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The following OECD assessment and recommendations summarise chapter 5 of the Economic Survey of Belgium published on 8 July 2009.
Competition policies are being strengthened which will improve consumer welfare and growth
The framework for competition policies was reformed in 2006, bringing the competition law in line with EU legislation and strengthening the competition authorities. These measures will increase competitive pressures in the economy, resulting in higher consumer welfare and productivity growth, through a reduction of the relatively high Belgian prices and more vigorous innovative activity. The effects of the new competition framework are encouraging as it has transferred resources towards anti-trust activities and away from less important merger control. Based on international experiences, however, further action is needed to achieve best practices. Although the independence of the Competition Authority has been strengthened, as it is now financed through a separate budget line, the Authority remains a Directorate General inside the Ministry of Economy and thus may appear as potentially subject to political pressures. Therefore, the situation should be monitored, in particular regarding the authority’s degree of independence and accountability. An effective competition authority needs adequate resources. The Belgian authority’s resources are relatively limited compared with other small economies, and they have not been sufficient to clear backlogs, deal with court appeals and assume a proactive role, such as undertaking market studies. Thus, resources may need to be reviewed and eventually increased to levels observed in other small economies with a proactive competition enforcement stance. Another aspect of an effective competition framework is to have sanctions that are sufficiently important to have a deterrent effect and to create incentives to participate in the leniency programme. As in other European countries, fines can reach 10% of turnover, but fines issued so far have been relatively small. However, the effectiveness of the Authority should be enhanced by expanding its panel of possible sanctions by introducing criminal sanctions, such as prison sentences, for hard-core cartels.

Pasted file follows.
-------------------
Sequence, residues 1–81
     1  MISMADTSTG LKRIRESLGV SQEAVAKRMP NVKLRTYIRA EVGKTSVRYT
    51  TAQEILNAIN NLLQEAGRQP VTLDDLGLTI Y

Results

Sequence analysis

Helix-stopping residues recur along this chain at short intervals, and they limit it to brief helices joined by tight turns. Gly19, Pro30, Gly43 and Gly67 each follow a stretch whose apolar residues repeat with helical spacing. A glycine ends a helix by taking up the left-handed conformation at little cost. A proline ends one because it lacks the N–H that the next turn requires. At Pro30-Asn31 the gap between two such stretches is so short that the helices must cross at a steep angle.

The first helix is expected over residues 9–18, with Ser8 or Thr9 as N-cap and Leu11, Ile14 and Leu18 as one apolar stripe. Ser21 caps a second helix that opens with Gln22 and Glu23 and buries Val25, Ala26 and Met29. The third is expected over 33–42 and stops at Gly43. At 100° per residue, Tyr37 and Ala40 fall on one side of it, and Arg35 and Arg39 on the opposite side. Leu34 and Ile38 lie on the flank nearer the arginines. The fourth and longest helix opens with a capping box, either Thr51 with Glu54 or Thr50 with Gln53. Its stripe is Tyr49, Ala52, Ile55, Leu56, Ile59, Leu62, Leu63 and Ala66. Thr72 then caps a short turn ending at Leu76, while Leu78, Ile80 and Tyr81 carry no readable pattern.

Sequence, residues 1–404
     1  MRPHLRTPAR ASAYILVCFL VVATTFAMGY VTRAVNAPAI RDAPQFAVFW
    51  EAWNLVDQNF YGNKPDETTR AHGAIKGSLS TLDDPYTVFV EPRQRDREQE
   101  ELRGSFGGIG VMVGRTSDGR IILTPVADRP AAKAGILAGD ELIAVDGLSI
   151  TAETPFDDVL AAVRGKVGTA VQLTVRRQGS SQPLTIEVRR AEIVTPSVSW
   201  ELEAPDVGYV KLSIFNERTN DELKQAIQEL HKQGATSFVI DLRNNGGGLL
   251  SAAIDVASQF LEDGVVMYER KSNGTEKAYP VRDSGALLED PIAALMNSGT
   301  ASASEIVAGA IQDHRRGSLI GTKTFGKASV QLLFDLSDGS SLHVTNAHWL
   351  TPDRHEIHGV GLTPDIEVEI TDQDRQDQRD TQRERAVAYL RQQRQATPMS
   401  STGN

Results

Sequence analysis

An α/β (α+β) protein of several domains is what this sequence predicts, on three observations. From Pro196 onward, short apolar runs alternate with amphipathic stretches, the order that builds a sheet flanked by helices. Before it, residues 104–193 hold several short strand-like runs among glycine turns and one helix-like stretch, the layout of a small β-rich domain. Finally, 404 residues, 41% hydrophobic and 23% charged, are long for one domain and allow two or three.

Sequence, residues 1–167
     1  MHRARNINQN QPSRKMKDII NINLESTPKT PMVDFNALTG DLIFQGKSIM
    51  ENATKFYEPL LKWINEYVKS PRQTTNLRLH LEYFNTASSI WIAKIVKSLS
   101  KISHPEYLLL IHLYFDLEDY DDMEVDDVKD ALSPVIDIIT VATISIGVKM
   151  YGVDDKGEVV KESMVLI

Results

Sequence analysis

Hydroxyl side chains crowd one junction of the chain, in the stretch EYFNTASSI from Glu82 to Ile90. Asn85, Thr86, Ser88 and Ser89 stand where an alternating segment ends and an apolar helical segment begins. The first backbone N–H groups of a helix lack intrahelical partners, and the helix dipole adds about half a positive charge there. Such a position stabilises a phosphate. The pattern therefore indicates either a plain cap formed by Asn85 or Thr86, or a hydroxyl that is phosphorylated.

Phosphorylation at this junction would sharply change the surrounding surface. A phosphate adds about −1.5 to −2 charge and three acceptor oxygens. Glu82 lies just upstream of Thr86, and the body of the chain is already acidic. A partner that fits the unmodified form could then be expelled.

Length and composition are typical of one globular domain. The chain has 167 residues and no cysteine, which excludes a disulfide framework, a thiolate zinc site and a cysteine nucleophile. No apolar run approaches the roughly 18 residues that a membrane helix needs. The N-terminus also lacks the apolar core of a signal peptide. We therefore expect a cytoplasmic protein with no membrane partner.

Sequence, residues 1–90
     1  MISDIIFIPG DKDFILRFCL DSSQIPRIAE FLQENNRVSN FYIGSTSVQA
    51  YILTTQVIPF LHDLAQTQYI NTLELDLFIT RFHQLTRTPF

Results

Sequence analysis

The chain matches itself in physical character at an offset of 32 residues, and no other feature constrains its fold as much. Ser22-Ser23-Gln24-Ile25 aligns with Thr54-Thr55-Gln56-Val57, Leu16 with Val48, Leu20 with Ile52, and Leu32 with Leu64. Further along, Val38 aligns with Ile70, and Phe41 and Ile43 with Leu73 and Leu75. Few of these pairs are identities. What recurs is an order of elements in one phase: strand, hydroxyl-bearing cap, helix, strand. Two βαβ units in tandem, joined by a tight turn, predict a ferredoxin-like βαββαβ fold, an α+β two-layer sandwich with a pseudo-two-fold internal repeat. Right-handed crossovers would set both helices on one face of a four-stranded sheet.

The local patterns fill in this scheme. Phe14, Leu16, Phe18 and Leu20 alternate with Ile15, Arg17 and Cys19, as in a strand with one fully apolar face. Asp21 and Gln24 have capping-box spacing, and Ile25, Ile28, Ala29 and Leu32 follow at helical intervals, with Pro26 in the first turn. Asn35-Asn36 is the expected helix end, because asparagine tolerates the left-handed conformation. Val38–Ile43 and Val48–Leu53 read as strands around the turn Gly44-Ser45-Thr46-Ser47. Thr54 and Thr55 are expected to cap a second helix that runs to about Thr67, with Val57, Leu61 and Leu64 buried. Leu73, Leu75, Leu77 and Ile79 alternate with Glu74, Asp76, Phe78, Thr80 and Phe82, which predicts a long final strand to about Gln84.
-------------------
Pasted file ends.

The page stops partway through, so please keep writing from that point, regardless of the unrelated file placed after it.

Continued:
Competition in the retail sector is hindered by unusually extensive sector regulation